Thursday, 15 April 2010

In which we wait

Posted by Tania Kindersley.

Are you on the edge of your seat for the first ever leaders' debate? I know. I'm not either. I hold a forlorn hope that it might serve to set the entire process ablaze and turn the sluggish state of politics on its head. I have a tiny dream that once it is over, people in the pubs and bars and buses shall talk of nothing else. We shall talk of it to our grandchildren, in years to come. 'Grandchildren,' we shall say, a faraway look in our eyes, 'remember the night of April the 15th.'

My horrid fear is that in reality there will be a terrible collective shrug, and the citizens shall merely ask what possessed Nick Clegg to wear that particular tie.

Or, almost worse, there will be a slight pause, in which people remark that David Cameron isn't really that posh, Clegg has a tendency to sound petulant, and Gordon Brown is looking more and more like the mad uncle in the attic. Then they will go back to discussing the cloud of volcanic ash that is hovering over poor old Blighty, like a geological metaphor.

Here is my prediction of the debate itself, for what it is worth. Clegg will not come quite as brilliantly out of it as all the commentators suspect. Cameron will do well if he can face the economy head on and make one of his little self-deprecating jokes (he does have a good sense of humour, which the other two do not display). Brown could pull off his doughty elder statesman stick with the devil you know number, but I have a suspicion he will not be able to stop himself doing that freakish fake smile which his focus groupers have obviously told him to deploy. The problem is that he breaks it out at the most inappropriate moments, so it looks as if he has some kind of worm in his brain. Then it will be: mad uncle, back to the attic.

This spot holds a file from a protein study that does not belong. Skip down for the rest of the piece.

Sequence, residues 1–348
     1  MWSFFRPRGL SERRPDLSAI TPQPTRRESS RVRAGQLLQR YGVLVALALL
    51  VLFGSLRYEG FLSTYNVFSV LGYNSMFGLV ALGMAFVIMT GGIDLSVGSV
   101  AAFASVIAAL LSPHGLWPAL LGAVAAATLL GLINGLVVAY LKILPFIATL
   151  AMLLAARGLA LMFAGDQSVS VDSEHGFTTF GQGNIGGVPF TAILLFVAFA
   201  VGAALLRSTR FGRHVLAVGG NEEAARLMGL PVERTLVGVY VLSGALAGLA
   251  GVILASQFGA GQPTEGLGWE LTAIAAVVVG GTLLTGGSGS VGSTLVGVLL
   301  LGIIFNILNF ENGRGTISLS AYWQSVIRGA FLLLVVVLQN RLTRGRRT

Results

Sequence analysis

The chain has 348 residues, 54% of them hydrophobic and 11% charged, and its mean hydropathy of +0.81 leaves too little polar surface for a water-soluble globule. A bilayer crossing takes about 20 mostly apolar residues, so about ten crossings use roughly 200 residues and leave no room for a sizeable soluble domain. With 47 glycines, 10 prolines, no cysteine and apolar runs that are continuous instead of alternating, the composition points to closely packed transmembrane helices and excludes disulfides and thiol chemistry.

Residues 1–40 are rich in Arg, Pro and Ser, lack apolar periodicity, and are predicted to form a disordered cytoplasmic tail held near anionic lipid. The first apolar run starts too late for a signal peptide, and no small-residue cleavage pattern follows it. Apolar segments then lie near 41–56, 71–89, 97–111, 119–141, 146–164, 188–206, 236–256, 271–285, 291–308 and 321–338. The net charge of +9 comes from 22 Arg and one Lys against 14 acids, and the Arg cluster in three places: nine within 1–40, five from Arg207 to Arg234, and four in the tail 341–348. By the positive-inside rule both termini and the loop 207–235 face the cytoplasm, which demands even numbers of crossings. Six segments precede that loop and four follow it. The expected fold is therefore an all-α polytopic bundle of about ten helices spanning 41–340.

I am almost certainly wrong. I just hope it is not a festival of dullness, soundbite, platitude, and mind-sapping minutiae. For those of you playing drinking games, if you want to get really hammered I suggest 'fairness', 'new modern Conservative Party', 'the British people', 'the many not the few',  'the big society', 'a future fair for all', 'hard-working Britons', and possibly, should Gordon lose his temper, 'Lord Ashcroft'. If you want to stay stone-cold sober, mark your card with 'national debt', 'it was all my fault', and 'bugger off back to Eton, Lord Snooty'.

In the meantime, to take your mind off things, here are some more of my utterly pointless but mildly diverting collages. Today, the colour is blue:


And another version:


And one more, of three of my favourite things: dogs, snow and Scotland:


Finally, just for fun:


These are mostly for my friend So Lovely, who is unsure about the new Hipstamatic craze, and likes a bit of true colour in her photographs.

(All snaps by me except the eye, which is torn from a very ancient magazine and is stuck on my office wall.)


  1. LOL - I adore you - thank you.

  2. lovely picures- are Clegg, Brown and Cameron really the best we can find?

    well they are for the moment I suppose. I tend to find these televised debates don't work very well but I want to be surprised. So much is about how it is done- found the chancellors one rather strange and the standing up thing- I know it's meant to be engaging but I find it makes them all look like they are about to run off any moment!

  3. Nick Clegg's comment about Cameron thinking he should inherit the job is the best thing he's ever said. Maybe he's peaked too soon.

    Does the blue collage have a hidden meaning - will you be backing Cameron in tonight's debate?!

  4. So Lovely - right back atcha (as I think they say in your neck of the woods).

    Rose: Let us hope that they stay put and give us something unexpected to think about.

    Not My Age - but was it a tiny bit of a cheap shot? Just asking. Nick Clegg isn't exactly un homme du peuple himself. I know I should not say so, but especially with that brilliant and glamorous wife.

    Love to all of you. Your comments keep me going. Vive la blogosphere. xx


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